As furor over Qatar World Cup simmers, hotel projects underway

The 2018 World Cup and 2022 World Cup will be held in Russia and Qatar, respectively, not to the liking of many who have publicly criticized FIFA for its handling of the investigation into corruption over the bidding process for both competitions. Some have even pulled sponsorship.

However, amid the allegations, Qatar, for one, is still ramping up hotel development ahead of the games.

Like this one: The 1000-plus-room Silver Pearl Hotel, Doha, Qatar, touted as a new world-class hotel and conference/expo center, with a projected cost of—gulp!—$1.6 billion. That's U.S. dollars.

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Pending approval, the project would be developed by Katara Hospitality, a Qatar-based hotel developer and operator, whose portfolio includes many luxury hotels throughout EMEA.

The actual name of the hotel refers to a structure that will "literally rise out of the sea to recall the country's seafaring and pearl diving history."

New York-based architectural firm M. Castedo Architects reportedly designed the complex along with a team of engineering firms. The building will consist of two semicircular 30-story towers separated by a vaulted, climate controlled atrium over lush gardens with an open view to the ocean beyond. An adjacent structure will house a conference and exposition center as well as a recreational landscaped roof deck to be located above a multistory parking facility.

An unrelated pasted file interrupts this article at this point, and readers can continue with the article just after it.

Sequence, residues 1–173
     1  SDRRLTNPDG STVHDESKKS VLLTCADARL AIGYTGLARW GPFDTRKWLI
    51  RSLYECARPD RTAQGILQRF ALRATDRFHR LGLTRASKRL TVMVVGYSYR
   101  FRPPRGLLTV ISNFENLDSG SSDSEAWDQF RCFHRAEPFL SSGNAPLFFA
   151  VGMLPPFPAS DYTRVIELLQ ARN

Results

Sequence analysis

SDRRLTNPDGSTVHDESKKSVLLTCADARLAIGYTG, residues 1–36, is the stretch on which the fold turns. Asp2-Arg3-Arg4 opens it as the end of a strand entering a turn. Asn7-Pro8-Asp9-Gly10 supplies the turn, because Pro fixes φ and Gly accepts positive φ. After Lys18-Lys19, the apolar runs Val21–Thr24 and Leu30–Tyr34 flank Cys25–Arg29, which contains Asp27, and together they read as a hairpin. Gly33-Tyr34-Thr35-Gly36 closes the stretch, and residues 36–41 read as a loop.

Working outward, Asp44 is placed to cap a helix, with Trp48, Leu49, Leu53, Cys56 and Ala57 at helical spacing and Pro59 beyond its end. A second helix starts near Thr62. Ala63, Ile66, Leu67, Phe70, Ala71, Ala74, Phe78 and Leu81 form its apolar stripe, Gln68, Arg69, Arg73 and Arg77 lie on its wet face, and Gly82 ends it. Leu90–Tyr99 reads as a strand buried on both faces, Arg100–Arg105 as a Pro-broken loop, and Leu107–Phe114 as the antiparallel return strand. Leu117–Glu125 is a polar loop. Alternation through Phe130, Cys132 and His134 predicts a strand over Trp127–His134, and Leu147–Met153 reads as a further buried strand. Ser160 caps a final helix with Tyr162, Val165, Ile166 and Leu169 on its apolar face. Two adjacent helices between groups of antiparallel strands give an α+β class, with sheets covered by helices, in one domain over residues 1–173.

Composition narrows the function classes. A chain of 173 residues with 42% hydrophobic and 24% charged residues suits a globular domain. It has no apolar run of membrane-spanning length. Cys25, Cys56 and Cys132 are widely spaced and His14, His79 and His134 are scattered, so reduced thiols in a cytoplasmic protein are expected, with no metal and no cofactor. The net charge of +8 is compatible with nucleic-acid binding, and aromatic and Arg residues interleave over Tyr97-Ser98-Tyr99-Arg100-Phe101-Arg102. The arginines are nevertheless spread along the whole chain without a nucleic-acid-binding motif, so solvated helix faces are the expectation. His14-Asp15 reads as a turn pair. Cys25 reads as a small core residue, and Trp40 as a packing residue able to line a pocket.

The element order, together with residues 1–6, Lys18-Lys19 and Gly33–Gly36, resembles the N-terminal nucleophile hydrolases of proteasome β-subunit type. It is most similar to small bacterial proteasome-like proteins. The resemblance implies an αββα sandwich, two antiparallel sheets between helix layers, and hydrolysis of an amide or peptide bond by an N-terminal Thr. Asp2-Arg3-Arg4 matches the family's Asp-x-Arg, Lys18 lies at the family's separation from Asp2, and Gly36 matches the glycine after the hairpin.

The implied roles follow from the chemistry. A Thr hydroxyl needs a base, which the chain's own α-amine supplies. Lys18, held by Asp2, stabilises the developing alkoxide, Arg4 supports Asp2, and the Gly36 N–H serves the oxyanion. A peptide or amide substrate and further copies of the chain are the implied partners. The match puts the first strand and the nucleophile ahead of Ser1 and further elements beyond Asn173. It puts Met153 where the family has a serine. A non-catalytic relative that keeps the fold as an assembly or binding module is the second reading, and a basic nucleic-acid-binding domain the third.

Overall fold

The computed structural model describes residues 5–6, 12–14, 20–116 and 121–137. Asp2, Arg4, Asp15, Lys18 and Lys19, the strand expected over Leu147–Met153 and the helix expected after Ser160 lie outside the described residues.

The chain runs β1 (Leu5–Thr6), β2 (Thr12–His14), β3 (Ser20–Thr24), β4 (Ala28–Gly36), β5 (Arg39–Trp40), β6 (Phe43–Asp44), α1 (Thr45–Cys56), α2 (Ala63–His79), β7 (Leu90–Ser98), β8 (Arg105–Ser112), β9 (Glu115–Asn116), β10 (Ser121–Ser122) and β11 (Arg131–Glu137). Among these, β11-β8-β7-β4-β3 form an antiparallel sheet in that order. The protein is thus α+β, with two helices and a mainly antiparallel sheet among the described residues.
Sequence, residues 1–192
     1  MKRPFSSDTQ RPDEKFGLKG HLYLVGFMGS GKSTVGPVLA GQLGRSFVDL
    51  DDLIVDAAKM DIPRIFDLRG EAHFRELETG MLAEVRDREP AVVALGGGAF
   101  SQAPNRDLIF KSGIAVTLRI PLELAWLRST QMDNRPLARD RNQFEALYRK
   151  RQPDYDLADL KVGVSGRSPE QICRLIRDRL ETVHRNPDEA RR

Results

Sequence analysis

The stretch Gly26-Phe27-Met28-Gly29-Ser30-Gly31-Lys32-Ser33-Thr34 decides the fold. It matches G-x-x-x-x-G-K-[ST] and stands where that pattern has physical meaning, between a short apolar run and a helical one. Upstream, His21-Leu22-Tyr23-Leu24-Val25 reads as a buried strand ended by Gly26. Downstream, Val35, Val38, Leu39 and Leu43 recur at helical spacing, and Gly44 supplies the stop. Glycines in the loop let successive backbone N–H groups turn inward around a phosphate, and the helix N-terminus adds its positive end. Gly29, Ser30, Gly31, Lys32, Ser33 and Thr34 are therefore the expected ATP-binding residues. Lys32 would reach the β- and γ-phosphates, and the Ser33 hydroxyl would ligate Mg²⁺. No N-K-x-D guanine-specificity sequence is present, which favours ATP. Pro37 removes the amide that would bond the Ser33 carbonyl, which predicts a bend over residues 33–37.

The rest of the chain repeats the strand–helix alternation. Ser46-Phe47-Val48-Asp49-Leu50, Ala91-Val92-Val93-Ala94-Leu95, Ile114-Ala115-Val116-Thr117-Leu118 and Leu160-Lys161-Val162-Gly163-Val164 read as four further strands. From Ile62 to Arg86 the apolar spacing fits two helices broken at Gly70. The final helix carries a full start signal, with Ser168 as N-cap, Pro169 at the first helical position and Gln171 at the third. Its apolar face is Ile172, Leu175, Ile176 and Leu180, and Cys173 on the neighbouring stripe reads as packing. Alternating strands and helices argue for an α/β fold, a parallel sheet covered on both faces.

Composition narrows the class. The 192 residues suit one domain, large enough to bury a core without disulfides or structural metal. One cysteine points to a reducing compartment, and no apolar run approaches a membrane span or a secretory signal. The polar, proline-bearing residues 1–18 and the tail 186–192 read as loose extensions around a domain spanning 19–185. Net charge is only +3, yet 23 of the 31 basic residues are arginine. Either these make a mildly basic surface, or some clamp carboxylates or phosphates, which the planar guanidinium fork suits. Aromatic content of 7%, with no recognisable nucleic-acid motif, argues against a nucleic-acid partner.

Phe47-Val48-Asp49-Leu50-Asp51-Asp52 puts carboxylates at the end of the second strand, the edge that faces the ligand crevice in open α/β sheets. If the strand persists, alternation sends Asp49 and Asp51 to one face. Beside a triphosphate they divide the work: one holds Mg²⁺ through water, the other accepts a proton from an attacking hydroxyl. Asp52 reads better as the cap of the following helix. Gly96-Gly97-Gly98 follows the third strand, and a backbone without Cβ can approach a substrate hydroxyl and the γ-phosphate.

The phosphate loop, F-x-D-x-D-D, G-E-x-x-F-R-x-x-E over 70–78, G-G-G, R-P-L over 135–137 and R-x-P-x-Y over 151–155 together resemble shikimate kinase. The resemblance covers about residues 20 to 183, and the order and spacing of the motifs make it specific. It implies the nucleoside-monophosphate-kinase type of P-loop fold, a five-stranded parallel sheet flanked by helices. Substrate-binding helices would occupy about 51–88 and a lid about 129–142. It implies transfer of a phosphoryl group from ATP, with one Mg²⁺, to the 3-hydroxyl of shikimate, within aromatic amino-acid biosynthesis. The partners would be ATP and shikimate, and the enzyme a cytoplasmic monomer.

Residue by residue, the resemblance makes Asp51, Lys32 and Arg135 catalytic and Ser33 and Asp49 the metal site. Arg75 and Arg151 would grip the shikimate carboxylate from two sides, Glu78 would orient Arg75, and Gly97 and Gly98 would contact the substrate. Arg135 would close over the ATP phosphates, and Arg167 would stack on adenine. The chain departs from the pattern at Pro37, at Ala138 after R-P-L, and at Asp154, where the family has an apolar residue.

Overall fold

At night, the building's stainless steel glass exterior will be lit with LEDs, its reflection "creating an illusion of a shimmering pearl glowing brightly in the Arabian Sea.

Meanwhile, U.S. brands are also looking to plant flags in Qatar, including Hard Rock, which is already set to open its first Middle East property in Dubai in 2015, and is reportedly in talks to open more hotels in the Middle East, including Qatar.

“We are seeing growth potential in hotels. So we are looking at the whole region and there are certain markets that make more sense because of either the economics or the tourism profile or other factors. That’s why Dubai and Abu Dhabi certainly come up pretty high on the list, but also that’s why we are now looking at Egypt, we are looking at Morocco, we are looking in Doha, Qatar," said Hard Rock CEO Hamish Dodds

Qatar is quite assured that the World Cup will not be taken away from it, and remains adamant that it will not stop any of its current infrastructure projects.

"We are working towards having all the infrastructure necessary for the 2022 World Cup and we're never going to cancel any of these projects," said the country's finance minister, Ali Shareef Al Emadi.

Meanwhile, in Russia, the USA Today reports that the 11 host cities, which have never before hosted major international events, currently have a deficit of accommodations, something Russian Sports Minister Vitaly Mutko said will be rectified. "In most of the host cities there is still a serious deficit of accommodation," Mutko said. "This issue is moving at a slow pace as yet and we need to pay attention to it."

Russia plans to build 64 new hotels to compensate.